The big spaces of the gallery work best for the larger works and in the first gallery the monolithic blocks of Kris Martin’s Summit work well. Each has a tiny paper cross at the summit – death, hope or achievement? Moving on ‘New Sculpture’ still seems to have plenty of the figurative. Rebecca Warren‘s rough representations of the female form take aim at sculptural cliches and fill another gallery nicely. David Altmejd large-scale figures seem to dissolve and change form as you walk around them. Non-traditional elements are woven in to the figures such as endless staircases and strange geometric forms whilst materials include, foam, wood, epoxy, resin and paint. Folkert de Jongh’s tableaux feature macabre figures and hint at the ghosts of colonialism and imperialism. Thomas Houseago is a recent auction favourite – filling another gallery his impressive works absorb a variety of styles with rough, flat painted planes building up 3D forms and sshowing a definite debt to cubism.
Elsewhere Bjorn Dahlem‘s room-sized Milky Way is an impressive neon which surely owes a big debt to Dan Flavin whilst David Batchelor appropriates found boxes for his strangely alluring installations of vivid coloured panels. Matthew Bannon, Matthew Monahan, Joanna Malinkowsa and other assemble various multiple objects with varying degrees of success.
Sculpture has certainly come a long way in the last hundred years – from wood, metal and stone there is a now a vast post-modern array of materials and influences to confuse us. So do we get any sort of hint here as to what is the Shape of Things to Come? This show certainly does not show us – but hints at the reality – that we simply dont know.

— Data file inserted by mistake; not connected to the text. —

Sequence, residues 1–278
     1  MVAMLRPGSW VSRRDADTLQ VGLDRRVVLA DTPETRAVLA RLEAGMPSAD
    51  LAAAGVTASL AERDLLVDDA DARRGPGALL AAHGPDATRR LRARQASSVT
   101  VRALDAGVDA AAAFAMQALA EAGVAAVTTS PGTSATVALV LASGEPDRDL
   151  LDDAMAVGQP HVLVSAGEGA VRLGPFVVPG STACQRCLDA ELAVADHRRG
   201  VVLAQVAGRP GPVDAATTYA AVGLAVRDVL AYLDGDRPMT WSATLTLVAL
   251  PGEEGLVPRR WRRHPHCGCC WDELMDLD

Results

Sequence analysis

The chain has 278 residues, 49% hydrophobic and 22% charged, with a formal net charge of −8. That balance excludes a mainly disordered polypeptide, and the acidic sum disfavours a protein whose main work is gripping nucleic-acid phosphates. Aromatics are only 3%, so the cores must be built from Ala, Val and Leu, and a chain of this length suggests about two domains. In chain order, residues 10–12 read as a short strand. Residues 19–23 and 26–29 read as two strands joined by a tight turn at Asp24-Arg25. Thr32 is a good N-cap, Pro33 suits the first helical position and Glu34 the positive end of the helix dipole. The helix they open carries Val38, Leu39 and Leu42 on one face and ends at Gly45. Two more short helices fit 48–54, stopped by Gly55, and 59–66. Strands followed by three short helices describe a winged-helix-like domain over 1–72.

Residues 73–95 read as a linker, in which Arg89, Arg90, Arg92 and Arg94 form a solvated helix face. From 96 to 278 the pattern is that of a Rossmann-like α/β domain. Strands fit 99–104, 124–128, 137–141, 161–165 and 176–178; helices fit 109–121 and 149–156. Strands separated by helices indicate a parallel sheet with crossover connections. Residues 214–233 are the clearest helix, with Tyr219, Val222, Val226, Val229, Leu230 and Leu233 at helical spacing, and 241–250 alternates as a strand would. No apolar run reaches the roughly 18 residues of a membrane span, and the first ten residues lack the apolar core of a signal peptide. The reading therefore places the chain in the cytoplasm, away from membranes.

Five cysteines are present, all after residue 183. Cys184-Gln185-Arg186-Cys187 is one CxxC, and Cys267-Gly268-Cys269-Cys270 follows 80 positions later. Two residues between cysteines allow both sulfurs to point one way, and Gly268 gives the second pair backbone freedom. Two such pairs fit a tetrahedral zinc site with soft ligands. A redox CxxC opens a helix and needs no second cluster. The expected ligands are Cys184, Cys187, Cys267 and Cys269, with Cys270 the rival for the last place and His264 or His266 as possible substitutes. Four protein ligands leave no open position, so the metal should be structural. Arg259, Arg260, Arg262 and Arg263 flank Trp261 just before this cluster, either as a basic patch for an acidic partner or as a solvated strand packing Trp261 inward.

The Shape of Things To Come: New Sculpture at the Saatchi Gallery 10-6 daily until 17 October 2011
- The Shape of Things to Come, Saatchi Gallery / John Chamberlain, Gagosian Gallery, review (telegraph.co.uk)
- Roger Hiorns: using a calf’s brain in my sculpture (telegraph.co.uk)
- The Shape of Things to Come – in pictures (independent.co.uk)
- New Saatchi exhibition: Shape of Things to Come (telegraph.co.uk)
1 July 2011 § Leave a comment
An astonishing 4.3 million (myown total from Sothebys gross results) – around double auction estimates – was raised this afternoon for the upcoming extension to the Serpentine gallery. Forty-six top contemporary artists including the likes of John Baldessari, Olafur Eliasson, Fischli & Weiss, Antony Gormley, Jeff Koons, Yayoi Kusama and Rachel Whiteread had generously donated works to be auctioned alongside Sothebys contemporary art day sale.
Apparently the new space is to be called the Serpentine Sackler Gallery and will be located in Kensington Gardens, a short distance from the current gallery which lies close to the Serpentine in Hyde Park. It is due to open in 2012, and will be renovated and designed by Pritzker-Prize winning architect Zaha Hadid. The plans include an adjoining pavilion to be used as a social space and restaurant.
If it is anywhere near as good as the Serpentine has been over recent years at presenting interesting exhibitions of contemporary art it will be a great new addition to London’s art world. I am looking forward to the opening – oh, and any invitations to the opening party most welcome!
- The Serpentine Gallery Summer party-who wore what (heatworld.com)